“What’s your story, Rose Tyler?” he finally asked, breaking the silence. She turned at the question, eyes dark and serious. He indicated the tray of food and offered to refill her glass. He stammered… “You know a lot about me — God knows I’ve been doing nothing but talking about myself all evening — but now it’s your turn.”

She didn’t answer right away, but took another sip of wine and held it to her lips for a few seconds, looking at him over the rim of the glass with unfathomable eyes. She moved to the seat opposite, but close enough that he could have touched her knee if he had just leaned forward a bit.

She held the stem of the wine glass with both hands in her lap with knees together and ankles crossed.

“Let’s eat first. I’m starving, and much more wine on an empty stomach and I don’t know what I’ll do,” she said. “But then you’ll get the whole sad story.”

Later, after the food and after they shared some more of their personal stories, they sat in silence for a while, sipping wine, neither knowing exactly what to say.

He put his wine glass down and leaned forward. Might as well be blunt, Ted thought.

“I’ve been thinking about you almost non-stop since the other day at lunch,” he said. “Truth be told, I’ve been thinking about you a lot even before that. And I want to kiss you,” he said. “Almost more than anything I can think of right now.”

She put her glass down on the side table and looked at him with a frank invitation in her eyes. “If you hadn’t said that pretty soon, I was going to,” she said, her voice a little husky. “And then I want to see more of that bedroom.”

Somehow– he later couldn’t remember moving– he was next to her and the room was lit only by a candle by the time they  broke away. The sun’s glow was gone from the sky and the moon was rising, but it seemed as though no time had passed for the two of them.

They were both breathing hard. She put her head against his chest and ran her hand up and down, then back inside where buttons had been opened before. Her touch seemed infused with fire.

“Oh, my,” she said, voice husky and hushed. “Oh, my.”

He kissed the top of her head and stood, then moved around blowing out each candle. The moon was rising, filling the room with blue light, enough for them to see now. He took her hand and drew her up from the couch to him, kissed her once, touching her tongue with his. Without another word, he led her down the stairs.

The next week was a rushing memory. Rose left at mid-morning the next day and went to the restaurant. Ted met with a decorator and a plumber and some other tradespeople finishing up the upper rooms, and felt like he had a grin plastered on his face the whole time.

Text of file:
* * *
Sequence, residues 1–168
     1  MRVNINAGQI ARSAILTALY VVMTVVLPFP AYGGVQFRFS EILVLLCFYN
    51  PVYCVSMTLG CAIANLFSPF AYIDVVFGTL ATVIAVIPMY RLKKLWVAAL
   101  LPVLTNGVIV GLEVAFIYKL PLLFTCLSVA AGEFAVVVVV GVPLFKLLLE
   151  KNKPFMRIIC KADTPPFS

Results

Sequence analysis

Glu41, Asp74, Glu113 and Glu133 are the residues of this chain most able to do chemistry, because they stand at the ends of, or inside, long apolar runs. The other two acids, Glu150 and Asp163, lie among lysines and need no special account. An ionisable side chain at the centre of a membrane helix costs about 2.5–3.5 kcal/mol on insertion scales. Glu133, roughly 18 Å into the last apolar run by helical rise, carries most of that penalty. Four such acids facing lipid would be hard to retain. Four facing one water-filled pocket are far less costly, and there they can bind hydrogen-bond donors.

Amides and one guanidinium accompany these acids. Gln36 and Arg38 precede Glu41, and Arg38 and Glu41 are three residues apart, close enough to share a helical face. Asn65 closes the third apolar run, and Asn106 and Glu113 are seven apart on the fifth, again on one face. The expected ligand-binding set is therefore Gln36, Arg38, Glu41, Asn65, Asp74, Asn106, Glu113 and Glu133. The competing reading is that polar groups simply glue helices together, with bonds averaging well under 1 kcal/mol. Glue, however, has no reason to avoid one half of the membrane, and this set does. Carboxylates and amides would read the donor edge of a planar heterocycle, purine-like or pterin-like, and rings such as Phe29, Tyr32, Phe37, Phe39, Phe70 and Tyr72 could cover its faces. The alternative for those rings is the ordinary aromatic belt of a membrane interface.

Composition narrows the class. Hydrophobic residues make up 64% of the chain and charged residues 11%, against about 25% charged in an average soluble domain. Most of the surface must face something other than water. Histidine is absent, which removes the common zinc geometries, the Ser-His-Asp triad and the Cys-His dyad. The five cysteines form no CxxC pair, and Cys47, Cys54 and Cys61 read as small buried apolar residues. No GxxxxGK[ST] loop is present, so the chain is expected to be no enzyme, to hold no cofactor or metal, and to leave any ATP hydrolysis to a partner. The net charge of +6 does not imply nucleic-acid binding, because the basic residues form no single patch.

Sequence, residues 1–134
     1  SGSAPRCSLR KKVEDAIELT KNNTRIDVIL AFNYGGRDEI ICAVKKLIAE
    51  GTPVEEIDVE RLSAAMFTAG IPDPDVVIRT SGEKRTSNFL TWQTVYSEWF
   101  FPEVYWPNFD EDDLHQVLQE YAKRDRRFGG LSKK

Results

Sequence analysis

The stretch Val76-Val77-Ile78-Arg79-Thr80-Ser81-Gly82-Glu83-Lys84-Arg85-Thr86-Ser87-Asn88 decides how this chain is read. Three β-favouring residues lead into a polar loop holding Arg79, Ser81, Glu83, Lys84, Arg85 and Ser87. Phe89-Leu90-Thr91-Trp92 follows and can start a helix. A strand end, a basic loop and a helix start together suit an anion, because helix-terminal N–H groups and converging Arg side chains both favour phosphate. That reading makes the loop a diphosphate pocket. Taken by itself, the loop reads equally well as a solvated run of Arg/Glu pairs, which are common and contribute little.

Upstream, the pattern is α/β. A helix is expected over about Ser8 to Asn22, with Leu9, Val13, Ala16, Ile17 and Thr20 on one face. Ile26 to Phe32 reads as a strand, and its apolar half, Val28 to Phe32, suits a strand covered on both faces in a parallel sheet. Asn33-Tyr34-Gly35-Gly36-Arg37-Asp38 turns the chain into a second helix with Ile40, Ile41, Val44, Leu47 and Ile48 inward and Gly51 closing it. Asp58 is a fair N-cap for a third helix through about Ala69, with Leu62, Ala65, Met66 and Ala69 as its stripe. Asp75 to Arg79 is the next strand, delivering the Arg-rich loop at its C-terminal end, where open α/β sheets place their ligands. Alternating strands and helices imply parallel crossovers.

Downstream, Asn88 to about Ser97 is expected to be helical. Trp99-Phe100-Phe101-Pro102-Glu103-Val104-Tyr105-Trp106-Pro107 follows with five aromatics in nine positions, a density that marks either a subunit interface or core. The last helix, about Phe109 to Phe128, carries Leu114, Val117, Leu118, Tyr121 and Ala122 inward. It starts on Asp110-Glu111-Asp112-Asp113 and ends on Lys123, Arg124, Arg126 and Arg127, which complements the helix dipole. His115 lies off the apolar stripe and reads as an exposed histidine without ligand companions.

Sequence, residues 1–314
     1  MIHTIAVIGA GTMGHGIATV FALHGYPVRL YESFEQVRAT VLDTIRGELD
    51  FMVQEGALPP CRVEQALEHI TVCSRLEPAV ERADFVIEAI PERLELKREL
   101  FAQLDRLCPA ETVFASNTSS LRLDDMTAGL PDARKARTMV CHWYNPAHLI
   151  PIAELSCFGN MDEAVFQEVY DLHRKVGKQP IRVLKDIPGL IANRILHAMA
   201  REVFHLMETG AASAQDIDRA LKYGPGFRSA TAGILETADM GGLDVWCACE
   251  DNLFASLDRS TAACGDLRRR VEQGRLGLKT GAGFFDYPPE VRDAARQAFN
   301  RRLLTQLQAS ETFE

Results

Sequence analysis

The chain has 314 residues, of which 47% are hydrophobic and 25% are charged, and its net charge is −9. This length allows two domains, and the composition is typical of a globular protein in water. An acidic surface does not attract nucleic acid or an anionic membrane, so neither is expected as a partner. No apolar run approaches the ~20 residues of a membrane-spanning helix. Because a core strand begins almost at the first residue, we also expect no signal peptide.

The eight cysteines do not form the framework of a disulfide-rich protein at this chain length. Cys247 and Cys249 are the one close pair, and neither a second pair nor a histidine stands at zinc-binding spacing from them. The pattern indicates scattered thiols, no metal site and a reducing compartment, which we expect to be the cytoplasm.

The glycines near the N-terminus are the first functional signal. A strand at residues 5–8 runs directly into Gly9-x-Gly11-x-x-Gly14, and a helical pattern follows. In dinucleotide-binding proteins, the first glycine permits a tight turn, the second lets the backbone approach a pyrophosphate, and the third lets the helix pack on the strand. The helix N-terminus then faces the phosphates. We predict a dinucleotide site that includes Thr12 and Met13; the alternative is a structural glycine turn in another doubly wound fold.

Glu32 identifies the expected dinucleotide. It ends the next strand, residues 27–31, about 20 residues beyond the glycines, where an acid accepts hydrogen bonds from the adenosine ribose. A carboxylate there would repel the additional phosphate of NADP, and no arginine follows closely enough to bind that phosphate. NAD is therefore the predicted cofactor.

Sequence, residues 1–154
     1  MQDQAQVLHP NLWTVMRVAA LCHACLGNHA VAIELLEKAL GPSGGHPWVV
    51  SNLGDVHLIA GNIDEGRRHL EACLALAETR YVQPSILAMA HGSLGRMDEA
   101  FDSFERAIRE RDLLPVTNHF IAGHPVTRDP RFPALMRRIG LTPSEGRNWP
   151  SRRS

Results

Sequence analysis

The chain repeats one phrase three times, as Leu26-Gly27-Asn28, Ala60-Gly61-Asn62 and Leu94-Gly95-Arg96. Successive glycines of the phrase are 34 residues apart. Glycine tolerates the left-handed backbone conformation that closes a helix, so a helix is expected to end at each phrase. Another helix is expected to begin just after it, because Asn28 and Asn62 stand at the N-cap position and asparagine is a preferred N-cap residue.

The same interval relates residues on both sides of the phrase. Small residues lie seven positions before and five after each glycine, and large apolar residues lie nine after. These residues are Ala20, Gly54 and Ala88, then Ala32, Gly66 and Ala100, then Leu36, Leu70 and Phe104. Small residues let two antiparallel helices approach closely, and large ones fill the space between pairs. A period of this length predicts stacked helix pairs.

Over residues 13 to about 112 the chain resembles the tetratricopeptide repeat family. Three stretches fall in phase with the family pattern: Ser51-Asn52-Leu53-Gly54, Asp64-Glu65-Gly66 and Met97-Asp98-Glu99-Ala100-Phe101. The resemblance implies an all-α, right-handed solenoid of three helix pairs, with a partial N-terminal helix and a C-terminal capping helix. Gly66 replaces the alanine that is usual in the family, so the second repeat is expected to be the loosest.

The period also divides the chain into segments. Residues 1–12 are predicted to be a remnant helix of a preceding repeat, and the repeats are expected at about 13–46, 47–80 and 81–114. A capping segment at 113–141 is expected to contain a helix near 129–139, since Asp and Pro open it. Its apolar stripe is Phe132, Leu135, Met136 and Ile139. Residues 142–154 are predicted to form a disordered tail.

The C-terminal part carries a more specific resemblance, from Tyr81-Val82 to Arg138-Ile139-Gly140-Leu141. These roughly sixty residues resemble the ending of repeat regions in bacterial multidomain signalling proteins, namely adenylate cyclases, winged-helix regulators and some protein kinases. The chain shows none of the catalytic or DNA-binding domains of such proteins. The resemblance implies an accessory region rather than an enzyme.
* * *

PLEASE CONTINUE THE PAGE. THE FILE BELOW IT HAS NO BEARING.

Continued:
When he was alone he found himself whistling, something he hadn’t done for years. He also realized he wasn’t very good at whistling, but didn’t care.

Rose came back that night and brought some samplings from the restaurant, and also had a snack of cheeses at the big table in the kitchen. They washed it down with some German beer, and talked again for an hour about their lives and their losses.

She grew quiet after a while, and he could tell she wanted to say something. He waited.

“I like you, Ted,” she said. “I really do. Last night was unbelievable. But I need to be clear about something.”

“Um, Ok,” he said, wondering what was coming, fearing the worst.

“We’re both grownups,” she started again. “We know what we like, and what we don’t, and neither of us has time for games any more. That’s for kids. I’ve got issues. You’ve got issues. But I do love the way you use your hands,” she said.

“I know, I know,” he said, waving modestly. “My hands should be insured. I’m gong to call Lloyds tomorrow,” he said. “You certainly were vocal on that point last night.”

“Very funny,” she said, dipping a finger in her beer and flicking it at him. “But I’m not looking for anything permanent here. It might happen. I like being with you. We’re two people who need each other right now, who can make each other laugh. But it’s too soon for either of us to get too serious. I’m too scared about something bad happening again. The divorce was brutal. But I should warn you, I could very easily fall for you, and if that happens, it will be very hard for you to get away.”

“But let’s try to keep it loose for the time being, OK?”

As she said this, she reached over and took his hand and squeezed it.

“I get it,” he said, choosing to make light of it for now. He was feeling much the same. “You just want me for my body. And… “ he gestured at the shirt with a few cracker crumbs and the remnants of a spare tire under it…”I can’t really blame you. This is… well, it’s just irresistible.”